“I’m going to miss this one of these days when I don’t sit here anymore with these two special seniors,” Maryland coach Brenda Frese said Sunday. “What a game and what a convincing win.
“Just love where this team is playing, we’re just clicking.”
A year ago, Maryland honored Willingboro’s Crystal Langhorne and Cheltenham’s Laura Harper before they graduated and went in the first round of the WNBA draft.
Connecticut recently made the same move honoring senior Renee Montgomery.
“That really surprised me when I heard they were going to do that,” said Temple coach Tonya Cardoza, who was a longtime UConn assistant before joining the Owls last July.
“But Renee was one of my guards so obviously I endorsed the move when I was told,” Cardoza said.
Temple, though still on the NCAA bubble, is making a charge toward extending the Owls’ string of five straight tournament appearances.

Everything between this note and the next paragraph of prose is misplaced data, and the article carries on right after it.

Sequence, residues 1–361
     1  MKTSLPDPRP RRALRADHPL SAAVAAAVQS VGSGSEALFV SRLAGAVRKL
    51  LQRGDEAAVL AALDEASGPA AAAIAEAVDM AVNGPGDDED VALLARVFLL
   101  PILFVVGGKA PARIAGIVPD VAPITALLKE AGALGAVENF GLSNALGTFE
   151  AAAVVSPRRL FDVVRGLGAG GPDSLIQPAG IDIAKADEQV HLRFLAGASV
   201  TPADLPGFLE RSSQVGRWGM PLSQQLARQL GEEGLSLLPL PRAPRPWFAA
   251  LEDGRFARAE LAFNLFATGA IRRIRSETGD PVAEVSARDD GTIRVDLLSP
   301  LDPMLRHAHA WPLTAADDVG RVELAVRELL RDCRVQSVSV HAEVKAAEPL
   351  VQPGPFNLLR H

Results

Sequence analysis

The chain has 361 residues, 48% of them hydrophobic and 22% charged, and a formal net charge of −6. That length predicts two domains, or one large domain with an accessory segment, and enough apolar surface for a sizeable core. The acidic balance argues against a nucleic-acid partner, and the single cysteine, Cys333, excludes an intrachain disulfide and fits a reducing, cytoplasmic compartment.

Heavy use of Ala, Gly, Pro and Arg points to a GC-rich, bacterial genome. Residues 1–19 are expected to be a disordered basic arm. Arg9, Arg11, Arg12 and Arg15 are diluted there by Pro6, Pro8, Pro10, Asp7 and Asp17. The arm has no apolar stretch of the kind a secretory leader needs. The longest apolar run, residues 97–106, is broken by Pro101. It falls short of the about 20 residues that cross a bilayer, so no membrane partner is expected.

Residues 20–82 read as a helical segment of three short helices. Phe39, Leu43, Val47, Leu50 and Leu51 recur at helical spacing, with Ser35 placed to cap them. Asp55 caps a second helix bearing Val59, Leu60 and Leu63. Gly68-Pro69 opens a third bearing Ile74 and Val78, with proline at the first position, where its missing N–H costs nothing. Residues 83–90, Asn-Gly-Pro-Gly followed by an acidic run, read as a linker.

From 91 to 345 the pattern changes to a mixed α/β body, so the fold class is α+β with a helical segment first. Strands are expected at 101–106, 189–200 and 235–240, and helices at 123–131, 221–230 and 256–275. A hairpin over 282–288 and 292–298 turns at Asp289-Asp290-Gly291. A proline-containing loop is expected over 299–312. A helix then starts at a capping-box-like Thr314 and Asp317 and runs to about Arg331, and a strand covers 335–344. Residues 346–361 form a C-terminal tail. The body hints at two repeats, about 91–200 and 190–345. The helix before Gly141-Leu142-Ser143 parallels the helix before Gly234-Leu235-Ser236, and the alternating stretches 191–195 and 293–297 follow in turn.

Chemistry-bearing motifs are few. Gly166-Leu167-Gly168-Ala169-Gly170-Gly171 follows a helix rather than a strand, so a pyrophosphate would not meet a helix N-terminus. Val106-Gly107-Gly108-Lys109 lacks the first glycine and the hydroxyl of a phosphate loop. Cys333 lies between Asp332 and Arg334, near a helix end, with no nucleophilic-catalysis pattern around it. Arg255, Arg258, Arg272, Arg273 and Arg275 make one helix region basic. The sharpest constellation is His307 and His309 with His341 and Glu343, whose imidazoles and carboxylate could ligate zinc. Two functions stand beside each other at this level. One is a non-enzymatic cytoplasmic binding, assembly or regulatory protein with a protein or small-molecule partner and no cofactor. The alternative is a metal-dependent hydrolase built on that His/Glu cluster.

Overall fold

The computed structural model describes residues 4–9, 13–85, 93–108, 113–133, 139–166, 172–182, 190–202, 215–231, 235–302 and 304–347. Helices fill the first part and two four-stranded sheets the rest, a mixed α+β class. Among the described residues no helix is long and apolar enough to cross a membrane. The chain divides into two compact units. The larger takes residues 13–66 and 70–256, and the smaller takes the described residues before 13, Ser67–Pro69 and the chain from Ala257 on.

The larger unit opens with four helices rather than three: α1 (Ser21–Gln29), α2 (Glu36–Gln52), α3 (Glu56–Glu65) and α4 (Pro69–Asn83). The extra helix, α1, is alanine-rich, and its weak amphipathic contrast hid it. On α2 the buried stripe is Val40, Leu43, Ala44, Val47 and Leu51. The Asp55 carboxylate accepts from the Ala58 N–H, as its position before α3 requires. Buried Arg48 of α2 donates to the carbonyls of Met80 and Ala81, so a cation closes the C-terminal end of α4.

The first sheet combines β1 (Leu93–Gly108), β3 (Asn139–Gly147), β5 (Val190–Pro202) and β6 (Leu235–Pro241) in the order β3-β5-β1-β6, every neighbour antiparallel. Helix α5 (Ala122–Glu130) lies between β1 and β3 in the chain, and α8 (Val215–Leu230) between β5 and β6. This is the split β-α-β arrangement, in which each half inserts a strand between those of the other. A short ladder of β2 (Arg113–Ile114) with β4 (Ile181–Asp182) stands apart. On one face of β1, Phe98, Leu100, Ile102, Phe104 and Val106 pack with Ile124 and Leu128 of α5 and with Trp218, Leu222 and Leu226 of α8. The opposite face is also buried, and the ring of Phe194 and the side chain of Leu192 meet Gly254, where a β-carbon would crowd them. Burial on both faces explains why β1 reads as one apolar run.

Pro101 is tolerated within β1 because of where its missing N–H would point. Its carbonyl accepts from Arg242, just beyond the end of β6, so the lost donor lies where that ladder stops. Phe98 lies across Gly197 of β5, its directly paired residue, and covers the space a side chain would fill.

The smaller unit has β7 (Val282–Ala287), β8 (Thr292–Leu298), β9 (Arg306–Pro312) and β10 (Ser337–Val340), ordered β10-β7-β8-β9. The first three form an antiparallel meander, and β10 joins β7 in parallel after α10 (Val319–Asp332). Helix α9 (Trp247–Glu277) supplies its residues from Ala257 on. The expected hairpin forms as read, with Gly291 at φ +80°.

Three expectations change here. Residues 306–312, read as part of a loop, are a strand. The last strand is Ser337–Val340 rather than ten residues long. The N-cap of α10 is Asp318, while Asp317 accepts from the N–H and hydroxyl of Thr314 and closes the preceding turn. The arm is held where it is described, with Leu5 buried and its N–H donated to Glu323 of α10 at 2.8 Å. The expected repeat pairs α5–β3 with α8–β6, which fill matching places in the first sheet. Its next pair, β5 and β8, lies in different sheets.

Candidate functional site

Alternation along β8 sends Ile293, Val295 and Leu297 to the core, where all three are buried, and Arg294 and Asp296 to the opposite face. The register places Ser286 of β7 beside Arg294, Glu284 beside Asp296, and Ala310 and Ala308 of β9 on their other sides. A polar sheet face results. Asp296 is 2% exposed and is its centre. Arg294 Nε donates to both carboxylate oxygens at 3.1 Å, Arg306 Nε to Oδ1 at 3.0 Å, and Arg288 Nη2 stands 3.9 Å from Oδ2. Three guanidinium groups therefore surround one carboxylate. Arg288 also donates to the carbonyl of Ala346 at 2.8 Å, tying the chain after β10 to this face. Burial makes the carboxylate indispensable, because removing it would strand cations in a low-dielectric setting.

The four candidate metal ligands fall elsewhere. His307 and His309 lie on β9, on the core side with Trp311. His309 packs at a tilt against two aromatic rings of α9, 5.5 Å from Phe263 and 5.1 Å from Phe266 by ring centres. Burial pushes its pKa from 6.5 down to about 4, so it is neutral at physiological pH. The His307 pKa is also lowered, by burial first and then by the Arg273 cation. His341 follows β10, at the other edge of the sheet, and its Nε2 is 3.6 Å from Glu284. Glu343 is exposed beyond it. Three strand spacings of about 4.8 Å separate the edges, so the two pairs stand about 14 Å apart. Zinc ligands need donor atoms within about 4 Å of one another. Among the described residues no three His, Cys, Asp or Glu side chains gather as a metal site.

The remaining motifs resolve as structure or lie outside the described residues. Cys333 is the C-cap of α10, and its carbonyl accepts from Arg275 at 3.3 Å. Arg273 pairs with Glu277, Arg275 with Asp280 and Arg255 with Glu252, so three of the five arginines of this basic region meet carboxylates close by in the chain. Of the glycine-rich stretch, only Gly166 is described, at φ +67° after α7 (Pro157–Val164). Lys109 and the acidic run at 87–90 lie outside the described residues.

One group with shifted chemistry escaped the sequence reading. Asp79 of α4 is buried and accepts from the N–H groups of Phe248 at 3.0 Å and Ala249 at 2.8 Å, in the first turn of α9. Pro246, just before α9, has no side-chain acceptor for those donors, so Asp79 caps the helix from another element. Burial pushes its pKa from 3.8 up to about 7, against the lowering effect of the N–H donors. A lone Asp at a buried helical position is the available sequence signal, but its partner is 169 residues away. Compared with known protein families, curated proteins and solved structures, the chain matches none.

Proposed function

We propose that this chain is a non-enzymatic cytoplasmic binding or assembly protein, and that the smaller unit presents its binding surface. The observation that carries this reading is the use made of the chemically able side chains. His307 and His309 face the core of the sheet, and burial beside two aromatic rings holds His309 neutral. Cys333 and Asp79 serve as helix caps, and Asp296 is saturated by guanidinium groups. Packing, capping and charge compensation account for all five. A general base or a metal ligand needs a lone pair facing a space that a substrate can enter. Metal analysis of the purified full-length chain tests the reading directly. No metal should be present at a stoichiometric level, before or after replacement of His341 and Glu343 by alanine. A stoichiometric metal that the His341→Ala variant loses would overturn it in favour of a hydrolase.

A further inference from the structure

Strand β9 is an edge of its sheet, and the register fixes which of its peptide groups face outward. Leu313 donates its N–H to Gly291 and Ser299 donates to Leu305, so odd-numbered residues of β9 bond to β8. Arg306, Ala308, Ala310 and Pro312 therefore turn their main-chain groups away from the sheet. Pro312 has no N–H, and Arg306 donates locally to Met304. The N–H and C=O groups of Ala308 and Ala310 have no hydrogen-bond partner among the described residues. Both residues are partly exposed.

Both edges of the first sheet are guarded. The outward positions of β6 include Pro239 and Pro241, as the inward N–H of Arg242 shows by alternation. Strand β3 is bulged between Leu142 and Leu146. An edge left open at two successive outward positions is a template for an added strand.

Cardoza’s group could catch a lot of attention by beating No. 13 Xavier, which visits the Liacouras Center Wednesday night with an unbeaten record in Atlantic Ten competition.
Temple then finishes up Sunday at George Washington.
That game against the Colonials could have extra meaning in that Cardoza and Mike Bozeman, a former GW assistant, seem leading contenders for the Maggie Dixon Award the Women’s Basketball Coaches Association hands out to a newcomer in the profession.
Another candidate is Lindsay Gottlieb, the University of California Santa Barbara coach who was a former assistant of Joanne Boyle at California. Gottlieb succeeded retired veteran Mark French.
Meanwhile Drexel and Virginia Commonwealth, locked in a first-place tie in the Colonial Athletic Association, collide Thursday night at the Daskalakis Athletic Center.
VCU coach Beth Cunningham, a former Notre Dame star, played for the Philadelphia Rage in the former American Basketball Association.
Temple, Villanova, and Drexel are currently under major consideration by the Women’s NIT if any do not make the NCAA field.